Transport

Getting around NSW

There are many transport options to choose from in New South Wales, including public transport, driving, bikes, taxis and airports.

Public transport

NSW has a large network of public transport services including buses, trains, light rail (trams) and ferries.

Buying tickets: You can buy tickets online or from train stations, ferry wharves, ticket outlets, local shops and on board light rail. See the Transport for NSW website for further information.

Discounts: The NSW Government provides a range of travel discounts on the NSW public transport network. You can buy a special 90-day International Student ticket online; learn more here.

Opal cards: The NSW Opal Card is an electronic ticketing system where you load up a prepaid card with money and use it on trains, buses, ferries and light rail. It's an easy and convenient way of paying for your travel on public transport, calculating the cost for you as you travel and reminding you when it's time to 'top up' with more money. International Students need to purchase an 'Adult' Opal card rather than a 'Student' one. .

Special tickets: There are several special tickets available such as day passes, events and trips to the airport. You can usually use your Opal card for these, but you can also pay for them separately at the ticket office.

Bikes

Bicycles or bikes are an increasingly popular form of transport in NSW, and some major cities often have a network of special bike routes available. But be sure to follow the road rules as fines apply. The NSW cycleway finder can be useful for planning your ride.

Helmets: All cyclists must wear an approved bike helmet that is securely fitted and fastened.

Learning: If you have not ridden a bike before, you can get some tips here.

Lights: If you are cycling at night, ensure you have clearly visible front and back lights, and a high-visibility vest is a good idea. 

Road rules: All bike riders must stay on the left-hand side of the road and follow the road rules.

You can learn more at the Bicycle NSW website.

Cars and driving

If you are living or studying close to a city, it can be easier and cheaper to use public transport, walk or ride a bike. But if you or in an area where there is plenty of parking, and do decide to drive, here is what you need to know:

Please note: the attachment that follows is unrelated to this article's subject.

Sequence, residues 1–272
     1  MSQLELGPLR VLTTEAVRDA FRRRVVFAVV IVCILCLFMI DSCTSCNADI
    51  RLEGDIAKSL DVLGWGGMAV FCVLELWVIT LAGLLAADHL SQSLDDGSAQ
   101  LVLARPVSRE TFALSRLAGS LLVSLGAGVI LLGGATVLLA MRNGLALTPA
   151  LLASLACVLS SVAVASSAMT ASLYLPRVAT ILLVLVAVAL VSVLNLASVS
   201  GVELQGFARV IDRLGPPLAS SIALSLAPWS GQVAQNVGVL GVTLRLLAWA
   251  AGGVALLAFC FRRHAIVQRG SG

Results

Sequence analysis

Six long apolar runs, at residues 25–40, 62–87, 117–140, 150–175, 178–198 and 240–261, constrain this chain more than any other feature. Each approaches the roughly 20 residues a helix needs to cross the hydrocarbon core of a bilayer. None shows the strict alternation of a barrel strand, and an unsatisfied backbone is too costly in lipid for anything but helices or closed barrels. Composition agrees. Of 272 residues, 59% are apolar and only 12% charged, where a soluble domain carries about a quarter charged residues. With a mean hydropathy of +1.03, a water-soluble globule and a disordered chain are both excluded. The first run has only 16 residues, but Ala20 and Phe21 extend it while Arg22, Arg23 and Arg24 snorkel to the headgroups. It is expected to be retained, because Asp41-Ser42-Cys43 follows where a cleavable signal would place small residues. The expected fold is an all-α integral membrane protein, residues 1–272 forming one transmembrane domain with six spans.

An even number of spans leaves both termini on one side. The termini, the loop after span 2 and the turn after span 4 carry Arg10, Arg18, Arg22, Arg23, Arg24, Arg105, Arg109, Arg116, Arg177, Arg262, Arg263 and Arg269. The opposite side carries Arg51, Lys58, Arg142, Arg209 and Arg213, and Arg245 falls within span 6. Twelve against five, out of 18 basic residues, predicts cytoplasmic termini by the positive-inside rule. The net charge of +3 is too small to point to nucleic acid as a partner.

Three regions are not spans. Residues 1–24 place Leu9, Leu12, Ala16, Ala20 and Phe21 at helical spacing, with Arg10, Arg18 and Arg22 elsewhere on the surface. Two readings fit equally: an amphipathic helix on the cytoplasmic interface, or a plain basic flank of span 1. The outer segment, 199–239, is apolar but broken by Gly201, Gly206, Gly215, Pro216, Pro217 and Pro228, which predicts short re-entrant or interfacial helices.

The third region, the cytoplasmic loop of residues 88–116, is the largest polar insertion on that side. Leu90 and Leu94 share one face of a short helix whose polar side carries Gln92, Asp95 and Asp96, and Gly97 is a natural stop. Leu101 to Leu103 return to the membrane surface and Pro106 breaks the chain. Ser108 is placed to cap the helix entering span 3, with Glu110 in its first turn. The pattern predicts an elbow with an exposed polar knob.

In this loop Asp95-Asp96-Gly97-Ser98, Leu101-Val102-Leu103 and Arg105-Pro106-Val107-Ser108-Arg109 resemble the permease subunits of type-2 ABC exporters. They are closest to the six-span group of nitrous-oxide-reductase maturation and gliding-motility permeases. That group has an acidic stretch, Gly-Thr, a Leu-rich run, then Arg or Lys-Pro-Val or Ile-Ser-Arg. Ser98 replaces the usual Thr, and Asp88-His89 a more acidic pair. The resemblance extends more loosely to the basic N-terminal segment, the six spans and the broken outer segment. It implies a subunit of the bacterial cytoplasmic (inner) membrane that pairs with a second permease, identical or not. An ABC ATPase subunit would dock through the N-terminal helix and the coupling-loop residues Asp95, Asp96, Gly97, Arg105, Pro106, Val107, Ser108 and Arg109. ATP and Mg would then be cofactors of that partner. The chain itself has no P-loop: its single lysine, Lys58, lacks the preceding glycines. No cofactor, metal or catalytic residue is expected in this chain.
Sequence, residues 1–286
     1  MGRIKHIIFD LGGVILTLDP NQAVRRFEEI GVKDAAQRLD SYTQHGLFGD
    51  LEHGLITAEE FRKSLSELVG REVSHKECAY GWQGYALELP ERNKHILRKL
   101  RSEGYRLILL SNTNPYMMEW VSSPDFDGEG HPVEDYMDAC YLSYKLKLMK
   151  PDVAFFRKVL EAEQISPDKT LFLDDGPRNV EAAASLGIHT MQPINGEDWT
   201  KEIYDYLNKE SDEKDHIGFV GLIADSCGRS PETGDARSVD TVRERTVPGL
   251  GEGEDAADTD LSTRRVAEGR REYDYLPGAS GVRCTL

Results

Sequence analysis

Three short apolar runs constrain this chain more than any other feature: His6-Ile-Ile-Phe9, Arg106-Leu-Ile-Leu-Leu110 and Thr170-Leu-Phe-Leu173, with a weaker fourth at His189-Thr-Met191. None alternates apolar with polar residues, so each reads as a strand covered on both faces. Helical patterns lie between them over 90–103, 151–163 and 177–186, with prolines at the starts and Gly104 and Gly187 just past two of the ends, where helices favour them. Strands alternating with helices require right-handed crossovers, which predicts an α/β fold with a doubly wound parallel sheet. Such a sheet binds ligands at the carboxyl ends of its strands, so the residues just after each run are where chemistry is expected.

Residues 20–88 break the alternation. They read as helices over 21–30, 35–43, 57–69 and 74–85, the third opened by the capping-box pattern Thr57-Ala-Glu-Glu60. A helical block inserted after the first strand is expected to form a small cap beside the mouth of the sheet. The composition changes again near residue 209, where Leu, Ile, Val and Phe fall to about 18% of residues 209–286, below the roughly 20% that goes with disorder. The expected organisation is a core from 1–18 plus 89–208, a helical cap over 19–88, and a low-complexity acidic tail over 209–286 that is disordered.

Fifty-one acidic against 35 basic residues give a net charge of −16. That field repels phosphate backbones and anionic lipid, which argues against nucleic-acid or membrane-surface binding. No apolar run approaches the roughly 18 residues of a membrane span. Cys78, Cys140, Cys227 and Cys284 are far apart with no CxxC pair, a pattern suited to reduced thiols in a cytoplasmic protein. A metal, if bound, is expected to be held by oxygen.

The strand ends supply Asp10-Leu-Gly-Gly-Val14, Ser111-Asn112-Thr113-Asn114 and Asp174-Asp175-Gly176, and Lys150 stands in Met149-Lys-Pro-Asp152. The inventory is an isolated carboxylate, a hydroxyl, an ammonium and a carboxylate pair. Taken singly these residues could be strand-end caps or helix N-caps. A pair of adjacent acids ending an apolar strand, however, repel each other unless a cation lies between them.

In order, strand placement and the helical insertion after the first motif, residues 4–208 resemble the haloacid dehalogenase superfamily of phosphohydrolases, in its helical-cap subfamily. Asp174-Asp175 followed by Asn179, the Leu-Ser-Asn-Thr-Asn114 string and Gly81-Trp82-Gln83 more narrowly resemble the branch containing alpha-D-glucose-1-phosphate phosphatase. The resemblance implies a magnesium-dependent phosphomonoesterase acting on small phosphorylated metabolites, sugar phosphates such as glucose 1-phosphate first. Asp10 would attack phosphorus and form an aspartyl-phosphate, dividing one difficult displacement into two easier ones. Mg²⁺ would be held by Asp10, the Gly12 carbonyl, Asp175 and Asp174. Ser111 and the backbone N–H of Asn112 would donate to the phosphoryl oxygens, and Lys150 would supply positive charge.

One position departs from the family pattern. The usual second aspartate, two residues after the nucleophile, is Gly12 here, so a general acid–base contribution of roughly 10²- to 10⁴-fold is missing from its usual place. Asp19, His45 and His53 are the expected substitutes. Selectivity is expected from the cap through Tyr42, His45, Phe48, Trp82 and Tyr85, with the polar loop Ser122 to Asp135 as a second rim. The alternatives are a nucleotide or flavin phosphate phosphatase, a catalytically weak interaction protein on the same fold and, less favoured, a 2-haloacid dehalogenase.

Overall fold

Road rules:  There are road rules covering all aspects of driving designed to save lives and make the drive safer. There are also heavy penalties for not following these rules. Read full details of the NSW road rules.

Licence: If your driver's licence is in a language other than English, it must be accompanied by an English translation from an accredited source.  Learn about licensing here.

Taxis

Taxis (also called 'cabs') are a common sight on the streets of NSW. To hire one, you can make a phone booking, book online, wait at a taxi rank or hail one from the side of the road.

  • Numbers: You can find your local taxi number by visiting the Yellow Pages® website or if you dial www.131008.com you'll be connected to your nearest taxi company anywhere in Australia.
  • Rooftop light: If the taxi's light is on, it is available. If it is off, the taxi is not available.
  • Fares: Fares are calculated by a meter inside the taxi that must be clearly visible to the passenger.
  • Payment: You can pay for your taxi in cash, and most taxis have an EFTPOS faculty for debit and credit cards.
  • Extra fees: Drivers are entitled to charge surcharges for phone bookings, road tolls, late-night services, airport pick-ups and if you hail the taxi on the street.
  • ID: All NSW taxi drivers must display their identification in the taxi
  • Rights and responsibilities – all taxis must display a copy of the NSW passenger rights and responsibilities inside their taxi.
  • Complaints: If you have an issue with your journey, take a note of the driver's ID number and the taxi licence plate, and report it to the taxi company. You can also report it to Transport for NSW.

Keep to the left

In Australia all cars, buses and bikes travel on the left-hand side of the road or cycle path.

Pedestrians generally walk on the left-hand side of the footpath.